Relationship between etravirine-weighted genotypic score and virologic response
A weighted genotypic scoring system was developed, whereby etravirine RAMs were assigned relative weight factors according to their impact on response, fold change in EC50 or both. The purpose of this was to assess the variable effect that individual etravirine RAMs have on virologic response, fold change in EC50 or both. The relative weight factors were determined with random forest and linear modeling techniques, using matched genotypic and phenotypic data from the nonvirologic failure excluded population using not de-novo enfuvirtide in the etravirine treatment group in the pooled DUET studies (n = 403) and data from a panel of NNRTI-resistant recombinant HIV-1 clinical isolates (n = 4248). These weight factors were summed for each patient to generate a weighted genotypic score reflecting the effect of all etravirine RAMs on virologic response. Among the 17 etravirine RAMs, Y181I and Y181V were assigned the highest weight factor (3) followed by K101P, L100I, Y181C and M230L (2.5). Overall, as shown in Table 2, the etravirine RAMs with the highest weight factors generally had low prevalence at baseline in patients in the DUET studies (all below 10%, with the exception of Y181C, which was present in 32% of patients).
Previously, data were reported on the prevalence and effect on virologic response of the most frequently observed combinations of etravirine RAMs . The data showed that virologic responses in etravirine-treated patients harboring the combination of mutations Y181C along with G190A (n = 29) and K101E along with G190A (n = 5), the two most prevalent combinations, were 58.6 and 80.0%, respectively.
As shown in Fig. 1(c), application of the genotypic scoring system showed that virologic response was a function of the baseline etravirine-weighted genotypic score. Accordingly, three response categories were defined: weighted genotypic scores of 0–2, 2.5–3.5 and at least 4, corresponding to RRs of 74.4% (highest response), 52.0% (intermediate response) and 37.7% (reduced response), respectively (Table 1 and Fig. 1c). In patients with a weighted genotypic score below 4, virologic RRs were substantially greater in patients receiving etravirine than those in the corresponding subgroups receiving placebo. The robustness of the weighted genotypic score is illustrated by the concordance of the results for week 48 virologic responses with the week 24 data (Table 1).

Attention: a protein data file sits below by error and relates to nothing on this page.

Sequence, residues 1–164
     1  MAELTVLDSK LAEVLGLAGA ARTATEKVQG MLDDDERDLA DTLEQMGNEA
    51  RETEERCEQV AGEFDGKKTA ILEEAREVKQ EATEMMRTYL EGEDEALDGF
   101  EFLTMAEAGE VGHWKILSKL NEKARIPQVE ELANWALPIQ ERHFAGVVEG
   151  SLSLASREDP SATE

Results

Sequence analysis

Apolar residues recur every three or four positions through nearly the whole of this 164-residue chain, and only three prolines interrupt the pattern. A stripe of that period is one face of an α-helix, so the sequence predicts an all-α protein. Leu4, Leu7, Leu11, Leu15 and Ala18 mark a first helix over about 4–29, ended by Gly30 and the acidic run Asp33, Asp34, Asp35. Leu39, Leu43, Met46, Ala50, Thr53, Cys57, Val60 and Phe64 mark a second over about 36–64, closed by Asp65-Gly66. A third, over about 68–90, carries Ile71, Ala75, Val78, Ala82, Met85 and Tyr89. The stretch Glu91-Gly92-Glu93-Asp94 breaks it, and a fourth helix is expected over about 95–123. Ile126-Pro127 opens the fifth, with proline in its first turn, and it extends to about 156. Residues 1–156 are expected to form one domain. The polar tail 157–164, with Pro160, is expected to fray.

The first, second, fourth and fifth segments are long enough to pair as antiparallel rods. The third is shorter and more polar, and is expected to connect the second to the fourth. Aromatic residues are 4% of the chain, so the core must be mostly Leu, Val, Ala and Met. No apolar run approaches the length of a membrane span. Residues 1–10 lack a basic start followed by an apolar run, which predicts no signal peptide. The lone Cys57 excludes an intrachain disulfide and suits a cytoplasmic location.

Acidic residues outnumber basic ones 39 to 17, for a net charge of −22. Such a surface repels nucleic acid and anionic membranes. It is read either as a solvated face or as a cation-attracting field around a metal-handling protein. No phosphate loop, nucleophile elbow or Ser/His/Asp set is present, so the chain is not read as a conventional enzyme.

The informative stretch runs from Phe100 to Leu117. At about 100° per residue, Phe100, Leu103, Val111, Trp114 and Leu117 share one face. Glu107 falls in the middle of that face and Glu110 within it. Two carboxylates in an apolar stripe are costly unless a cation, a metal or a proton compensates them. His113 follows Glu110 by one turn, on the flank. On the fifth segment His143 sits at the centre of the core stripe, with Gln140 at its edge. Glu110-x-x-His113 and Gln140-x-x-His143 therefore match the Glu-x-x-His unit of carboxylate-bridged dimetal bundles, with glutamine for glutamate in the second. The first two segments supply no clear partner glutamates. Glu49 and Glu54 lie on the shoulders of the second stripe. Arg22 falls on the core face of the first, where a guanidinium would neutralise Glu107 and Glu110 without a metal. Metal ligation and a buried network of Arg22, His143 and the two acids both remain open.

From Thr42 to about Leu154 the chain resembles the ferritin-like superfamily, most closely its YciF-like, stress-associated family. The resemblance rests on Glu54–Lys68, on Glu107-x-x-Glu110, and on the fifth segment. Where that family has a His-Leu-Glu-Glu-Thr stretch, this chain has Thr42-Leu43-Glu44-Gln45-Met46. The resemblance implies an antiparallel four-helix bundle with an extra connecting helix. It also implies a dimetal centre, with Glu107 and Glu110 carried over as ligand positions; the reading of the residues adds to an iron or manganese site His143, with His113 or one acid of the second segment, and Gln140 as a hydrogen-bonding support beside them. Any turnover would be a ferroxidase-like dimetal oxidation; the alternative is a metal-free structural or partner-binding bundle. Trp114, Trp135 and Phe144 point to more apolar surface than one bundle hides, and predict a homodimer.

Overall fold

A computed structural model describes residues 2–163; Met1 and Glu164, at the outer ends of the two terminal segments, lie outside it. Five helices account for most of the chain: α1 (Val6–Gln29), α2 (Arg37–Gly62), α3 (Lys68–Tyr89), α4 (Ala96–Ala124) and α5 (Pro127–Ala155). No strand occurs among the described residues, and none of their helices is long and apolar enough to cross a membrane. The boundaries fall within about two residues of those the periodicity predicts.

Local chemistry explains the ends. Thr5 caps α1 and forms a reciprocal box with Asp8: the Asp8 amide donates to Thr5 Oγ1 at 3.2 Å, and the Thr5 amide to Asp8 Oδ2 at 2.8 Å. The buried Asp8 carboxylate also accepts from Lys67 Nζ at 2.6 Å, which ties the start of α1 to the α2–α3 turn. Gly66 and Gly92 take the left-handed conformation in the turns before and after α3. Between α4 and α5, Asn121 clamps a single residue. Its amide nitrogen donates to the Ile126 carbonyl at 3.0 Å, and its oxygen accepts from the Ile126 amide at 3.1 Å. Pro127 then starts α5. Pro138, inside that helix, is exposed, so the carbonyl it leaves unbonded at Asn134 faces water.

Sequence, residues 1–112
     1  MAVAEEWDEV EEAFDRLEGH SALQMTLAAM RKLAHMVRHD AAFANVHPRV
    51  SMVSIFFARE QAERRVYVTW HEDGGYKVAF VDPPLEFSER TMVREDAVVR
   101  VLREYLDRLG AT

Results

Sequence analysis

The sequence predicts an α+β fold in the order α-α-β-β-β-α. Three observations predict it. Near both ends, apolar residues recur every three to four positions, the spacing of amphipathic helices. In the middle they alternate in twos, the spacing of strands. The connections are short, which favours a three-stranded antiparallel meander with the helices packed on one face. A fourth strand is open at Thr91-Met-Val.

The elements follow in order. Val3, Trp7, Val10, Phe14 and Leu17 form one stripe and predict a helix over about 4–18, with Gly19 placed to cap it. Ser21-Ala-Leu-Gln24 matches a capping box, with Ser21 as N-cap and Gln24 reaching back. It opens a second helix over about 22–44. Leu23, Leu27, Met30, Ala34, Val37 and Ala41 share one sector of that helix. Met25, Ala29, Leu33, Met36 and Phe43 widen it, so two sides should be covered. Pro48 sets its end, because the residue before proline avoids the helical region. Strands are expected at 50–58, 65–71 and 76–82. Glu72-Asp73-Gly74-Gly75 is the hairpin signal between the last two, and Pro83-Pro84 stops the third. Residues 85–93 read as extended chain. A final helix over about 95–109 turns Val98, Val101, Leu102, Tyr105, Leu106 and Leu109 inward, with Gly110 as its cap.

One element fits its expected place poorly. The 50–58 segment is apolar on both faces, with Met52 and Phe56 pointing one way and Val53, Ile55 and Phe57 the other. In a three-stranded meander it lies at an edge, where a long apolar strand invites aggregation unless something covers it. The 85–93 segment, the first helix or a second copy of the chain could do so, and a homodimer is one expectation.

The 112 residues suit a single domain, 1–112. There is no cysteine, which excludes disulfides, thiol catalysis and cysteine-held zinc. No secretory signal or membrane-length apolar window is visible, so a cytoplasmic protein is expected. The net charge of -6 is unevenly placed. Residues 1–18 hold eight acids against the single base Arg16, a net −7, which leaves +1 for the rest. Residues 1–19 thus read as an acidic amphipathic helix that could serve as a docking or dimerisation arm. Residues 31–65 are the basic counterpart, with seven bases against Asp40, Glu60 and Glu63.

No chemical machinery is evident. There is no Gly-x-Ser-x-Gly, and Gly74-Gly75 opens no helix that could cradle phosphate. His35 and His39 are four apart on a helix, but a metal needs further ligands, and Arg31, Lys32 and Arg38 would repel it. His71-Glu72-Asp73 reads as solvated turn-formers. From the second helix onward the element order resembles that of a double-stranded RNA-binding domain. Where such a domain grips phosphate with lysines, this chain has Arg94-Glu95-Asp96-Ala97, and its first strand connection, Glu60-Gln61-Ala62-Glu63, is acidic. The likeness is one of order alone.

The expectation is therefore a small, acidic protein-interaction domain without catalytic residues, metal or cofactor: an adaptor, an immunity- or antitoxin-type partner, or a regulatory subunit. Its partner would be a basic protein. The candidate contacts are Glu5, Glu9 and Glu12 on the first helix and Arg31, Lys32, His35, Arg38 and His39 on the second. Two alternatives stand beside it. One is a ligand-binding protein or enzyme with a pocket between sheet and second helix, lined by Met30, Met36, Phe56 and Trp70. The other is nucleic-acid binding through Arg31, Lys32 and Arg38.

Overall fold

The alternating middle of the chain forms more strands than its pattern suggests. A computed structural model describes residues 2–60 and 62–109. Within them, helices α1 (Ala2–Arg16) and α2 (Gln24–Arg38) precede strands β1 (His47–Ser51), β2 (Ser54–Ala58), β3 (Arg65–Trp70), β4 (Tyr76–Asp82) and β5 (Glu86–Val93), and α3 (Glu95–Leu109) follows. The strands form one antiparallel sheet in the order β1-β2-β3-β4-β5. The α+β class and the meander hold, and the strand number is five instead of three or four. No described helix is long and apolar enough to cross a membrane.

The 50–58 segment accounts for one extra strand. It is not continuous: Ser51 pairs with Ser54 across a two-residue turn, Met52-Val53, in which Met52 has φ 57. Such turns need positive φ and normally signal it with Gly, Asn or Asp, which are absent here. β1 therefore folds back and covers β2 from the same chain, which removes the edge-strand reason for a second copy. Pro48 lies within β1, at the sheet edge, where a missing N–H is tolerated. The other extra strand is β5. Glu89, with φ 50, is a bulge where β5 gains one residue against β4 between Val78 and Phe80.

Use of the updated list of 17 etravirine RAMs along with the relative weighting improved the relationship between genotypic and phenotypic susceptibility interpretations as compared with the list of 13 etravirine RAMs (Tables 1 and 3). Table 1 shows similarities in virologic RRs in patient subgroups according to CCO and weighted genotypic score. Table 3 shows results illustrating that the 2008 etravirine-weighted genotypic score provides better agreement with the phenotypic susceptibility categorization than the count of the 2007 etravirine RAMs. In particular, a higher proportion of samples within the genotypic category of ‘highest response (92.4%)’ according to the weighted score were also classified as phenotypically susceptible than with the 2007 etravirine RAMs classification system (73.2%). The association between etravirine susceptibility, as defined by the old and new genotypic interpretation system, and virologic response is shown in Fig. 1(d). The new weighted genotypic score showed strong concordance with two other independent genotypic interpretation systems (Fig. 1d), as illustrated by similar area under the curve (AUC) values [0.683, 0.644 and 0.636 for the Tibotec (Tibotec BVBA, Mechelen, Belgium), Monogram (Monogram Biosciences, Inc., South San Francisco, California, USA) and Stanford algorithms (Stanford University, Stanford, California, USA), respectively]. Statistical comparison of these AUC values is hampered by the fact that for both Tibotec interpretation systems, the AUC values were determined using the same dataset as that used to develop the Tibotec-weighted score. However, although comparisons with other (non-DUET-based) interpretation systems are difficult to make, the weighted genotypic score described here (based on 17 RAMs) showed a statistically significant improvement in predicting virologic response versus the initial system, using 13 RAMs without weighting (P = 0.0087).
Effect of K103N on virologic response to etravirine
The NNRTI RAM K103N has been identified as one of the most prevalent NNRTI RAMs; therefore, it was important to analyze the effect of K103N on virologic response to etravirine.